SAN FRANCISCO (AP) — Donovan Mitchell and the Utah Jazz showed they can be a dangerous team from beyond the arc.
Mitchell and Mike Conley each hit five three-pointers as the Jazz shot 56 per cent (15 for 27) from deep over the first three quarters to take command in a 122-108 victory over the Golden State Warriors yesterday.
Utah entered averaging 29.3 attempts per game from three-point range, fifth-fewest in the NBA.
“We’re a team that we want to be able to shoot 3s and make 3s at a high clip,” Conley said. “We’ve got a lot of guys who can do it.”
Rudy Gobert had 25 points and 14 rebounds to power the Jazz inside, but it was their perimeter shooting that made the difference every time the Warriors threatened a comeback. Mitchell added 23 points and Conley scored 22 for Utah, which improved to 7-3.
The injury-ravaged Warriors fell to an NBA-worst 2-9, and their frustrations boiled over in the fourth quarter.
Draymond Green, back after missing five games with a torn finger ligament, earned back-to-back technicals and an ejection for arguing a blocking call with 8:28 left.
“I disagreed with that call, and I’m never going to be OK with another grown man telling me don’t talk,” Green said.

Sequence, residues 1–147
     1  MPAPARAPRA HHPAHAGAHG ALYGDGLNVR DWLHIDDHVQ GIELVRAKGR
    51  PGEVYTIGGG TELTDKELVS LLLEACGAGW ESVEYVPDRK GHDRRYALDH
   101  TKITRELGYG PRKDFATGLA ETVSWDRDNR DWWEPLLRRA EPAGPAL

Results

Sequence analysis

“If you feel like you got the call wrong, or right, you don’t tell me not to talk. I’m a grown man.”
Less than a minute later, coach Steve Kerr was given a technical after arguing a kicked-ball call against Jordan Poole.
It’s been that kind of season so far for the Warriors, who had their biggest star back in the building.
Stephen Curry, sidelined for at least the next three months because of a broken left hand, held a pre-game media briefing to discuss his injury and try to lend his teammates some moral support.
Point guard D’Angelo Russell continues to be a bright spot for Golden State. He scored 33 points, his fourth consecutive game of 30 or more.
Green pointed out it’s a different offence the Warriors are running than before he was injured. With Curry out, Kerr is putting the ball in Russell’s hands, which means more pick-and-rolls and less rapid-fire passing.
“I don’t really have the ball in my hands. I’ve always been a playmaker. I don’t really have the ball much,” Green said.
“It’s just (something) to figure out. It’s not the first time in my career I’ve had to figure something out.”